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Two Long Beach Grocery Outlets to Close, Blame Measure Similar to Santa Monica Proposal

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By Jorge Casuso

February 1, 2021 -- A major grocery store chain announced Monday it will shut down two Long Beach outlets as the result of a local "hero pay" measure similar to the one Santa Monica is contemplating.

The Kroger Co. will close a Ralphs and a Food 4 Less on April 17 after the Long Beach City Council last month mandated large grocery stores to pay workers an extra $4 amid the coronavirus pandemic.

“As a result of the City of Long Beach’s decision to pass an ordinance mandating Extra Pay for grocery workers, we have made the difficult decision to permanently close long-struggling store locations in Long Beach,” the company said in a statement.

“This misguided action by the Long Beach City Council oversteps the traditional bargaining process and applies to some, but not all, grocery workers in the city.”

Kroger Co. -- which said it has invested $1.3 billion since March to implement pay hikes and safety measures -- said the Long Beach ordinace will hurt both workers and customers.

“The irreparable harm that will come to employees and local citizens as a direct result of the City of Long Beach’s attempt to pick winners and losers, is deeply unfortunate,” the company said.

“We are truly saddened that our associates and customers will ultimately be the real victims of the city council’s actions.”

Councilmember Kevin McKeown, who proposed the Santa Monica ordinance, said on Monday that he would personally boycott Kroger stores. “My reaction is that corporate greed has no shame," McKeown said in a statement.

"My response, if they actually close the stores rather than extend ‘hero pay,' abandoning neighborhoods and discarding their loyal workers, is that I’ll stop shopping at any store owned by Kroger, whose media-release crocodile tears don’t wash away the dishonor they should feel,” McKeown said.

The emergency ordinance Santa Monica is drafting mandates that large grocery and drug store companies pay workers $5 more per hour, mirroring a measure LA County Supervisors are poised to implement for unincorporated areas.

McKeown said the ordinance "is on hold waiting for the County, upon whom my successful motion relied.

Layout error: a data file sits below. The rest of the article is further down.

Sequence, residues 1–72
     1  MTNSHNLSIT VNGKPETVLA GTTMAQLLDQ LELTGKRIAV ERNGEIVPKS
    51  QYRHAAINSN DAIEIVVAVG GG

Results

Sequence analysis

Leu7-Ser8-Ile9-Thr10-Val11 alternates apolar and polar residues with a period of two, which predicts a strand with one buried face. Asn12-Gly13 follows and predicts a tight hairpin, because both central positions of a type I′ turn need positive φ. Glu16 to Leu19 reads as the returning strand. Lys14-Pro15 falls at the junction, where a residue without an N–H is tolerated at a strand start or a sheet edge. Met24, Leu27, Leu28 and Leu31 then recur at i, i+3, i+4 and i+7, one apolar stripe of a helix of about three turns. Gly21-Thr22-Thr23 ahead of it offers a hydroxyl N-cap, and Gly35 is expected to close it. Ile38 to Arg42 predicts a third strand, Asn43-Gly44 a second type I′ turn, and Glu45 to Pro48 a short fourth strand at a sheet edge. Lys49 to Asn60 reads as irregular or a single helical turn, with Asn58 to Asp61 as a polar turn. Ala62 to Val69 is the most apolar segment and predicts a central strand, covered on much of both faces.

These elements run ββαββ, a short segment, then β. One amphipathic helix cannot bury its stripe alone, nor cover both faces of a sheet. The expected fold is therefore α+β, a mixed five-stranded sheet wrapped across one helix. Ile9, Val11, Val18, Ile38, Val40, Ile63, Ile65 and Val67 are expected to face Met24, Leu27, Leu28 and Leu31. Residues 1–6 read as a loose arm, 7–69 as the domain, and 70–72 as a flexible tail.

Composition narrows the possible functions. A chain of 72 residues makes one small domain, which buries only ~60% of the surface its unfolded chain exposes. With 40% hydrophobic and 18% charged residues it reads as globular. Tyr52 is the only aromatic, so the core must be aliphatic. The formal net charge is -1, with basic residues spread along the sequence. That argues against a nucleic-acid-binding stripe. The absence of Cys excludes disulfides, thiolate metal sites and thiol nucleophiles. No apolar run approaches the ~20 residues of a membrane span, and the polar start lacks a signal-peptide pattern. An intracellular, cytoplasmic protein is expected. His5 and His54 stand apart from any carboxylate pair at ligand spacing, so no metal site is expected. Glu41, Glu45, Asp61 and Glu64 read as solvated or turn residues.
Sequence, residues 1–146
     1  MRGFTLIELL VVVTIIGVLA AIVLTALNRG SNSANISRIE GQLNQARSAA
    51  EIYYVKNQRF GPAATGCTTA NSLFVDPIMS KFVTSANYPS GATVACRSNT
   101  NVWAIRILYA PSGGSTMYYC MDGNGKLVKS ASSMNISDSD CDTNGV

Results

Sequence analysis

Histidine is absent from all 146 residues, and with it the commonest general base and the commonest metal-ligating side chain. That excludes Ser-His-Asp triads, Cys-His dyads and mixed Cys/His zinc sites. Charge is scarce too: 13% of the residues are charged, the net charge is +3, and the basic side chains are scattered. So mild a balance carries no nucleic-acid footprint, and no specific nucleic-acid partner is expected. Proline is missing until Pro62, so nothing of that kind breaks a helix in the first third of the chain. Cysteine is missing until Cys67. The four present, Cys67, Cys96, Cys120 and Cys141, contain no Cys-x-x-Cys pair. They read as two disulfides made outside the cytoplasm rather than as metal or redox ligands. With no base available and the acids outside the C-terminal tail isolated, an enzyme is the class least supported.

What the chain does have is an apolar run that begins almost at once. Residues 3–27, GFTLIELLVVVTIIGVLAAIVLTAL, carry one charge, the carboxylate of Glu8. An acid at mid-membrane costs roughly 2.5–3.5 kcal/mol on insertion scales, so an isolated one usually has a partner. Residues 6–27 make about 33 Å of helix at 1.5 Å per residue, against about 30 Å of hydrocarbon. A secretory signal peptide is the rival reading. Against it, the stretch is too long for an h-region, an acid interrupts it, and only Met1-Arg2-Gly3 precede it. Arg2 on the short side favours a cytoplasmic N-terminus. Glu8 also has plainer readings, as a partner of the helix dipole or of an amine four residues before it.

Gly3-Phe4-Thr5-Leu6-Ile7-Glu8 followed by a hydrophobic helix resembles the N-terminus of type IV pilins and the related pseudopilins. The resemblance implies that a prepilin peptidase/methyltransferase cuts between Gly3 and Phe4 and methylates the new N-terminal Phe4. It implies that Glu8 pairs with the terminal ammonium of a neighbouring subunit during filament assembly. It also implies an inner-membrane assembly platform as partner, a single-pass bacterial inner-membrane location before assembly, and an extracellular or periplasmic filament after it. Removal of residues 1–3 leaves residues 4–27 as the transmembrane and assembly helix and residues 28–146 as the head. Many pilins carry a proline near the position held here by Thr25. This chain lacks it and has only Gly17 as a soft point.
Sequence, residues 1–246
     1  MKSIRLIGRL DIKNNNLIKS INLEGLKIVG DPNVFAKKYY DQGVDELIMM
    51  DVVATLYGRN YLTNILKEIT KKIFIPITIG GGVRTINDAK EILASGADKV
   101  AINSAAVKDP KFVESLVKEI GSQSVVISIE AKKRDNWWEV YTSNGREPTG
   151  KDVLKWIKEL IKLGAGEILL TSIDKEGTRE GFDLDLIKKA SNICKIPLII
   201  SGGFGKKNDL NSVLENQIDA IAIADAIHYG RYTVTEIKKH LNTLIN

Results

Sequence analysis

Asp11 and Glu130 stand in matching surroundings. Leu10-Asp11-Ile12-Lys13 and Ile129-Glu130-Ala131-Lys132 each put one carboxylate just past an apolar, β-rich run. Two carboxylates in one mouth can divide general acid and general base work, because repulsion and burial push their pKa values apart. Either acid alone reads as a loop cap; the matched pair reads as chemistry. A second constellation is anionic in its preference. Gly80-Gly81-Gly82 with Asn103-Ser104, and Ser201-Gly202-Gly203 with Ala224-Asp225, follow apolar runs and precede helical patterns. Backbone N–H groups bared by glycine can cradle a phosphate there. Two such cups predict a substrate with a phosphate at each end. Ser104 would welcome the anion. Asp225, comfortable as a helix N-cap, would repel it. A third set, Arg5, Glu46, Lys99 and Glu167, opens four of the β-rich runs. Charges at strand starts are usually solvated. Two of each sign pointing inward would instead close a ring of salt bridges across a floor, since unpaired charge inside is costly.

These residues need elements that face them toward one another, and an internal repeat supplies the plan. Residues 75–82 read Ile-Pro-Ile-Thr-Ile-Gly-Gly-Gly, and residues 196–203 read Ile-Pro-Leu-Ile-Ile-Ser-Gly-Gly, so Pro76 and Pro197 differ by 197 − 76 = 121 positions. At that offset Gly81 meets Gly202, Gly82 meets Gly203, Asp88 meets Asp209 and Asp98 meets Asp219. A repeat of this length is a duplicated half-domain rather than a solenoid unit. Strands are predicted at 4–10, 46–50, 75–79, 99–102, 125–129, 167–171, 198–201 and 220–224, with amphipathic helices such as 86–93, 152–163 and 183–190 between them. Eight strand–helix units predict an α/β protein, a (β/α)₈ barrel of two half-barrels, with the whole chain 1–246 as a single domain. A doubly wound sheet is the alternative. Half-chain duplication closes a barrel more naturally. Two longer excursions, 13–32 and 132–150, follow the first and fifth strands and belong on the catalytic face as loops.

"I cannot claim any special knowledge or insight regarding retail food circumstances in Long Beach, where Kroger may already have been planning to close their stores and has seized upon ‘hero pay’ as a convenient excuse," he said.

“I do know that grocery workers in this pandemic are true heroes who deserve community support for keeping our families fed, and Kroger’s trying to foster pay envy from other essential workers not covered by the Long Beach ordinance is a doubly disrespectful response."

In moving forward with the local emergency ordinance, McKeown said grocery stores "are making a bundle" during the pandemic ("Hero Pay' Could Backfire, Grocery Industry Says," January 11, 2021).

Shortly after Monday's announcement, the California Grocers Association issued a statement warning that a $5 pay hike "would result in a $400 per year increase in grocery costs for a typical family of four."

The increase, the association said, "would hit low- and moderate-income families hard, particularly those struggling with job losses and income reductions due to COVID-19."

The industry group also warned that "it is highly likely that the wage mandates will translate into fewer store hours, fewer employee hours, and fewer jobs," since labor costs "are by far the largest controllable expense."

The Association calculates that for a store with 50 full-time equivalent employees, "it would take a reduction of 11 employees to offset the increased wage costs, or a 22 percent decrease in staff.

“There’s no way grocers can absorb that big of a cost increase without an offset somewhere else, considering grocers operate with razor thin margins and many stores already operate in the red," said Ron Fong, who heads the Association.

The group filed a lawsuit against the City of Long Beach less than one day after the Council approved the ordinance on January 19 ("Santa Monica Faces Lawsuit If It Approves 'Hero Pay,'" January 20, 2021).

The lawsuit claims the emergency ordinance illegally singles out certain grocers, while ignoring other groups that employ essential frontline workers, and illegally interferes with the collective-bargaining process protected by the federal National Labor Relations Act.

In an editorial, the LA Times sided with the Grocers Association saying that "“government shouldn’t be picking winners and losers, or who deserves ‘hero pay’ and who doesn’t."

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